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HOME  > Past issues  > 2017 January 25 - 31  > Co-op in Fukuoka applies ‘same work, same pay’ principle
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2017 January 25 - 31 [LABOR]

Co-op in Fukuoka applies ‘same work, same pay’ principle

January 29, 2017
A 20-year-long union effort at a co-op in Fukuoka Prefecture has borne fruit in the form of the “equal pay for equal job” rule between men and women and between full-time regular employees and part-timers or temps.

FCo-op in 2008 revised the pay system so that regular and non-regular workers received the nearly same pay for the same work. Then, in October last year, it adjusted the ratio of the former’s hourly wage to the latter’s from the previous 100 to 95 to 100 to 103. The actual hourly wage, before the pay system was revised, was 1,200 yen for the former and 915 yen as for the latter.

In 1996, as payroll-cost-cutting strategies, FCo-op started to employ part-time drivers of house-to-house delivery vehicles. This event triggered what was destined to be a 20-year-long-struggle by the FCo-op labor union. In 2002, FCo-op began soliciting early-retirement volunteers and hired more non-regular workers to make up for the loss of these early retired employees. However, as FCo-op differentiated the working conditions of part-timers or temps from that of full-time regular employees, many non-regular workers were unhappy with the treatment and quit one after another. As a result, FCo-cop came to suffer from chaos in its service operations and frequent road accidents.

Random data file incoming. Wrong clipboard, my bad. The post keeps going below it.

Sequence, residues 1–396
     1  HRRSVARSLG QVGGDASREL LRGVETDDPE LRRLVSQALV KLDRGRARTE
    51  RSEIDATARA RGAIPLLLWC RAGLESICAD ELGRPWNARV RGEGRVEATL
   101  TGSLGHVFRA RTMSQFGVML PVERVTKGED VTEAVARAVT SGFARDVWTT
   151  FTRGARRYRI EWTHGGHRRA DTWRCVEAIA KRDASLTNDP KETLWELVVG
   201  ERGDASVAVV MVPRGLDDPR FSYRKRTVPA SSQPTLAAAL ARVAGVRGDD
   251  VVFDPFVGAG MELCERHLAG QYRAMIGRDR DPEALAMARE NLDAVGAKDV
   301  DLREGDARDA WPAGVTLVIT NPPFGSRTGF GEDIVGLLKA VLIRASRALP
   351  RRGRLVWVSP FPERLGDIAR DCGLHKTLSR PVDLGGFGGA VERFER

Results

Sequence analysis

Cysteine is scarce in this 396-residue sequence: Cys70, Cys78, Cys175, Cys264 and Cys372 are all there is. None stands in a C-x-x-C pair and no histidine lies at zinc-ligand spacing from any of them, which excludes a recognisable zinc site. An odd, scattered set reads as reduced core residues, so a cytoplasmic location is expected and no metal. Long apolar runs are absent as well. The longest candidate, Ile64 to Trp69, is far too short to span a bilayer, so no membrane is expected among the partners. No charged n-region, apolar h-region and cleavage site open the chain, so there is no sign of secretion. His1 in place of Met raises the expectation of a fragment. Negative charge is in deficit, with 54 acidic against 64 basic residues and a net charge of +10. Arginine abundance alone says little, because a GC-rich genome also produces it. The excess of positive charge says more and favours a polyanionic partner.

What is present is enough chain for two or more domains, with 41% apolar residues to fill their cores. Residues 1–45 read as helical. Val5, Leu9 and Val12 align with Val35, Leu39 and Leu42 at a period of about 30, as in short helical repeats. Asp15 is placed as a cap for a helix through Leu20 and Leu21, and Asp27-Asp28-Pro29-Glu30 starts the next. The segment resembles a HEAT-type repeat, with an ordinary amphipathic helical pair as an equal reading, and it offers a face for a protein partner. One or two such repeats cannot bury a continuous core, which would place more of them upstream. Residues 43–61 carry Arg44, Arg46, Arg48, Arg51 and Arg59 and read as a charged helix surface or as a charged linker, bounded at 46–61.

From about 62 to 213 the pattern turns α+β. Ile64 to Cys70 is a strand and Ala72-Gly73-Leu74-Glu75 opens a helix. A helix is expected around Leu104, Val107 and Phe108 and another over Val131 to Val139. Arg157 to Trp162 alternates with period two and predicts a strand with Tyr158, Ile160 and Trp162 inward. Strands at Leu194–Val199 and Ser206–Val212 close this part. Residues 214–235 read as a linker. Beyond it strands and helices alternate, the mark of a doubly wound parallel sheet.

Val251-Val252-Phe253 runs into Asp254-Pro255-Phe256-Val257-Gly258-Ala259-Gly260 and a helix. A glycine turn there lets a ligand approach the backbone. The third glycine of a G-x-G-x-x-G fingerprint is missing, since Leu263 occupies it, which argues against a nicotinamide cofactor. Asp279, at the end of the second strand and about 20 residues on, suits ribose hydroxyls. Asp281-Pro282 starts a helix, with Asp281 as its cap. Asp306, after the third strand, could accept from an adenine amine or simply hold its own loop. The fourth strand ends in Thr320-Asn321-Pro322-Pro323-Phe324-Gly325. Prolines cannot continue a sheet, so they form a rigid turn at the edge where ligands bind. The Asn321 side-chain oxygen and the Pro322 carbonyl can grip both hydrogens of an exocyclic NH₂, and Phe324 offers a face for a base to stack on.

Realizing the gravity of the situation, both the FCo-op labor union and the FCo-op board in 2003 fully embarked on holding labor-management talks to improve the employment system. After more than ten years of negotiations, the wage disparity based on sex and between regular and non-regular workers has been significantly redressed.

While the gap in terms of hourly wages disappeared, lifetime wages which include bonuses and retirement allowances for part-timers or temps remain far below that for regular employees. The ratio of lifetime earnings of regular staff to those on non-regular contracts is still 100 to 75.

Secretary General of the union Shitama Narumi said that the union will continue to discuss with the co-cop management board about steps that need to be taken to eliminate lifetime wage gaps in parallel with the effort to increase the wage level of workers as a whole.

Shimazaki Yasushi, a co-cop board member, said that the co-op management responded to the union demand in compliance with the philosophy, “The co-op will cooperatively work for the betterment of people and community.”

Shimazaki also said, “This is only the starting point. The revised wage system has so far brought about good results to our business: The turnover rate went down to one third; the number of work-related accidents has halved; and the staff in their 20s and 30s, who used to be extremely few, are starting to take root in our workplace.”

He recalled that they had had discussions with the union, thinking of not only FCo-cop staff but also all workers in Japan and their prospects for positive change in the future. Shimazaki went on to say, “I believe that to achieve the same treatment for all workers will definitely help create a better Japan.”
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